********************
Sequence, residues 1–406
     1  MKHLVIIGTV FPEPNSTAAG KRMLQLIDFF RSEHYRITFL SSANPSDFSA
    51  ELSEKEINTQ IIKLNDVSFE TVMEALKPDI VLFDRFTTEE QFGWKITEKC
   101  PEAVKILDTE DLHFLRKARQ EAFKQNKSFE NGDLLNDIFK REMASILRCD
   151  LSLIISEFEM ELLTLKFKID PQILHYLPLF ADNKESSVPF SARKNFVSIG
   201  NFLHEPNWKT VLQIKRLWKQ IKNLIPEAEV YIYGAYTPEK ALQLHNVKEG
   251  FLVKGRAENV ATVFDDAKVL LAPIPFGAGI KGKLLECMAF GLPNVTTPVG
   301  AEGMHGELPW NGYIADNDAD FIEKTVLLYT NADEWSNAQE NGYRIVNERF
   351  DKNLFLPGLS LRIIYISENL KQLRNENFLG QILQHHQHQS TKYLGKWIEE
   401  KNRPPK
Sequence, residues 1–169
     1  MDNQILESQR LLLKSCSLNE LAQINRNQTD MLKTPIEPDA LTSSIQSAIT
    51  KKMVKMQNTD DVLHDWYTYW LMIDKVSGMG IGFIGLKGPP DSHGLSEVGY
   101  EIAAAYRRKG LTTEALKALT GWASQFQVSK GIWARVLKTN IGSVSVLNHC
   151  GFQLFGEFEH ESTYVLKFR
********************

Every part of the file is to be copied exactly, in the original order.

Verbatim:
Sequence, residues 1–406
     1  MKHLVIIGTV FPEPNSTAAG KRMLQLIDFF RSEHYRITFL SSANPSDFSA
    51  ELSEKEINTQ IIKLNDVSFE TVMEALKPDI VLFDRFTTEE QFGWKITEKC
   101  PEAVKILDTE DLHFLRKARQ EAFKQNKSFE NGDLLNDIFK REMASILRCD
   151  LSLIISEFEM ELLTLKFKID PQILHYLPLF ADNKESSVPF SARKNFVSIG
   201  NFLHEPNWKT VLQIKRLWKQ IKNLIPEAEV YIYGAYTPEK ALQLHNVKEG
   251  FLVKGRAENV ATVFDDAKVL LAPIPFGAGI KGKLLECMAF GLPNVTTPVG
   301  AEGMHGELPW NGYIADNDAD FIEKTVLLYT NADEWSNAQE NGYRIVNERF
   351  DKNLFLPGLS LRIIYISENL KQLRNENFLG QILQHHQHQS TKYLGKWIEE
   401  KNRPPK
Sequence, residues 1–169
     1  MDNQILESQR LLLKSCSLNE LAQINRNQTD MLKTPIEPDA LTSSIQSAIT
    51  KKMVKMQNTD DVLHDWYTYW LMIDKVSGMG IGFIGLKGPP DSHGLSEVGY
   101  EIAAAYRRKG LTTEALKALT GWASQFQVSK GIWARVLKTN IGSVSVLNHC
   151  GFQLFGEFEH ESTYVLKFR